Dogwalker has finger bitten off by wild boar while walking in the woods

A dog walker has described the moment he had his finger bitten off – by a massive wild BOAR.

Terrified Clive Lilley, 53, has become the first victim in Britain attacked by the booming population of feral pigs.

Clive was mauled by the boar as he took a morning stroll with his labrador down a woodland track.

The beast burst out of the undergrowth and ripped the top of his right forefinger off during the attack in Lydney, Forest of Dean, Glos.

The area has become overrun with the wild pigs which have attacked pets and knocked over bins for food – even learning collection days.

Clive didn’t even notice the dismembered joint until later when he removed his walking glove – and the end of his finger fell out.

He described the initial pain as a “dull thud” but said it was “very painful and stung” when he returned home on January 4 (Weds).

Mr Lilley said: “It was 7.30am and still very dark so you couldn’t see a thing.

“I was a few hundred yards down the path from my house and I didn’t see the boar – but it was two feet away and jumped up to bite the forefinger off.

“It was only when I removed the glove a minute later that I realised what had happened because the tip stayed in.

“ I called an ambulance which took me to hospital to have it sewn up.

“They told me it should grow back around as it did not take the nail off although there will be a scar.”

Mr Lilley is a house husband whose wife works full-time for Group Force Security.

He added: “I’ve met hundreds of wild boar in the woods previously and never been attacked.

“It showed no interest at all in my dog which was a little way up the track.

“Strangely enough, when I reported the incident to the Forestry Commission they said a woman had been knocked over by a wild boar at the same spot half-an-hour before me.

Clive Lilley shows where he lost the tip of his finger after being attacked by a wild boar. 

“I have never heard of anyone ever having been injured in this way so there is a possibility it was a rogue pig.

“It was a large fully grown animal which came up to my thigh.

“As far as I am concerned this attack was completely out of character for the boar but of course people need to be aware that these things can happen.”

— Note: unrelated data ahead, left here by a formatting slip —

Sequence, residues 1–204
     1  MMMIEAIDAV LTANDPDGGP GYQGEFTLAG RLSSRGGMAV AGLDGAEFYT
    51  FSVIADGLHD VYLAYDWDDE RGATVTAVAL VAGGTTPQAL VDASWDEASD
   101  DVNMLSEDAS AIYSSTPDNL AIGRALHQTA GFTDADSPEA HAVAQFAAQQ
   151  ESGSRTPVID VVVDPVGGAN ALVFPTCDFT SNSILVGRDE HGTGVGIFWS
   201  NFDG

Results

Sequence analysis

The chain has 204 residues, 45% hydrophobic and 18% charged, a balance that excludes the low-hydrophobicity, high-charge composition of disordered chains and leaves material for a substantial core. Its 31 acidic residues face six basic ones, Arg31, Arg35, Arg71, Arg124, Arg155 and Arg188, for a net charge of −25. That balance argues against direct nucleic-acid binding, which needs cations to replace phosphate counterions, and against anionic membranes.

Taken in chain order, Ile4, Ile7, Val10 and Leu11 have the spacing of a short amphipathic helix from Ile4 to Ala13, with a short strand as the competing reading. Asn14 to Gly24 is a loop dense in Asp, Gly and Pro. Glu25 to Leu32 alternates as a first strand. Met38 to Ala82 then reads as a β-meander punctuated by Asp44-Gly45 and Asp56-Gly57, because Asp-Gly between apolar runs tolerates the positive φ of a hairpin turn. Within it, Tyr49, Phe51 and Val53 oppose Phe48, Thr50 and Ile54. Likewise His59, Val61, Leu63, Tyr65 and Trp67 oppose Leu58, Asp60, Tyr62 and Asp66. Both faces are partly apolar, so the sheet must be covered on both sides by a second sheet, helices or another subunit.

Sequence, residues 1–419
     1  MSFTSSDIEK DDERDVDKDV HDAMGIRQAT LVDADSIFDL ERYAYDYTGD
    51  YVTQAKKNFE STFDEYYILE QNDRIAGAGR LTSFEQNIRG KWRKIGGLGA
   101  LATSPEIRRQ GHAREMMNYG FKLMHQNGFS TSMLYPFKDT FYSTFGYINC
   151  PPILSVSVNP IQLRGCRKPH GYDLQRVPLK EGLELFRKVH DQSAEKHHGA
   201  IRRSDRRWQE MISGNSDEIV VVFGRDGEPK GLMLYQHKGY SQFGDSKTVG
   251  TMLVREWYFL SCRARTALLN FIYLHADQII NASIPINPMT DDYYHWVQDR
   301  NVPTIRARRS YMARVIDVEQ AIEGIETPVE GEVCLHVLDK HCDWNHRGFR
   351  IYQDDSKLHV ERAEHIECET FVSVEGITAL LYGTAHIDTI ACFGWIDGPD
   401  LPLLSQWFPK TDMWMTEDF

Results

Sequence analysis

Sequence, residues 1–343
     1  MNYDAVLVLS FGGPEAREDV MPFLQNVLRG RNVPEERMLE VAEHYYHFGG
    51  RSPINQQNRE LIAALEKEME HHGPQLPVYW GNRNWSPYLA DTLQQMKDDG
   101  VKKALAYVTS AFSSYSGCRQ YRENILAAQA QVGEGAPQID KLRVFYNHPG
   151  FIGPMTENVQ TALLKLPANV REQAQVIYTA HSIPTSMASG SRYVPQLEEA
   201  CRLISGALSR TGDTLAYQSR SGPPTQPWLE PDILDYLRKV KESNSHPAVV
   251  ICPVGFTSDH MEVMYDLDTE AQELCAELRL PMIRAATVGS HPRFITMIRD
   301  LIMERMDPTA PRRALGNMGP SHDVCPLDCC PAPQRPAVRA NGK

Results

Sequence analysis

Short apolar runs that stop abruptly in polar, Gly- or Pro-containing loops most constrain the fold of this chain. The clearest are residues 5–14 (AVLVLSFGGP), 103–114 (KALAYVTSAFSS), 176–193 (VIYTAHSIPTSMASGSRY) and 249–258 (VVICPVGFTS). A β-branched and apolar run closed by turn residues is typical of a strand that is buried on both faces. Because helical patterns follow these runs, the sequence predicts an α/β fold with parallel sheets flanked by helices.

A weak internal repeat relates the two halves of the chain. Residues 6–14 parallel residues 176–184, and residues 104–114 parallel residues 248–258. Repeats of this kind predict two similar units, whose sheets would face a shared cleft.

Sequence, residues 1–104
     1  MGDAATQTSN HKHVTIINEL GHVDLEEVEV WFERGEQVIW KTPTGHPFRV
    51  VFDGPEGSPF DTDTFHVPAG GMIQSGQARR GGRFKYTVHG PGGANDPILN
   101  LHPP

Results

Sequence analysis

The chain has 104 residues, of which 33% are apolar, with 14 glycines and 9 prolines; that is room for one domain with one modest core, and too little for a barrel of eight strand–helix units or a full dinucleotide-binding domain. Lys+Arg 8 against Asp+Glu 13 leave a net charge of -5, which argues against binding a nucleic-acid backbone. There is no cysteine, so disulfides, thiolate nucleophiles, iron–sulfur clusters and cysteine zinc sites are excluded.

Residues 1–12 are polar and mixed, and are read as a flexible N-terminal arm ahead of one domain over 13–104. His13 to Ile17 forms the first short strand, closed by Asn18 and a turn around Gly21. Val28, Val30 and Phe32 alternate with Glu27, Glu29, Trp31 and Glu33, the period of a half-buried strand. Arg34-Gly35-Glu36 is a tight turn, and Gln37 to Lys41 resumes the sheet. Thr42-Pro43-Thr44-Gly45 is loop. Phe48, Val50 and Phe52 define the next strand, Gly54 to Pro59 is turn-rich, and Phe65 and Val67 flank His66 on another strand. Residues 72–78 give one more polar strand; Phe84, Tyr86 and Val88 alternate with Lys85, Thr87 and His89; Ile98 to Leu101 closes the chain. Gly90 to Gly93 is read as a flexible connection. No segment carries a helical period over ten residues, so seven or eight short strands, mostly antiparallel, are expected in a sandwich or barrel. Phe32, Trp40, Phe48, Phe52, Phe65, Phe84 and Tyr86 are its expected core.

Wild boar were hunted to extinction over 300 years ago but small populations of the feral species have been established by accidental and deliberate release from farms.

It is believed to be the first time a wild boar has injured a person in the Forest of Dean where they are common.

A Forestry Commission spokesman said: ‘We are aware of an incident in which a member of the public sustained an injury to their hand caused by a feral wild boar in the Forest of Dean.

“Whilst we do not know the exact circumstances behind the incident we would like to remind woodland users that the feral wild boar can be unpredictable particularly when they have young close by.

“We would also like to remind people not to feed the boar either in the Forest or in the neighbouring communities.

“The boar quickly learn to associate people with food and then may seek food from walkers.

“The boar are well adapted to the Forest and have no need of supplementary food at any time of the year.

“Our cull of feral wild boar in the Dean is ongoing to stop the upward growth of the population with the long term aim to bring numbers back to a more manageable level of around 400.

“Our advice to dog walkers remains unchanged, if when walking in the woods you see boar we recommend that you

“Do not approach them. Go back the way you came or go around them giving a wide berth.

“Avoid walking through dense woodland. These are their safe resting and breeding areas.

“Put your dog on a lead as soon as you see one or they may get scared and react.

“Keep to a safe distance. Particularly if your dog chases or does not respond to calls immediately.”

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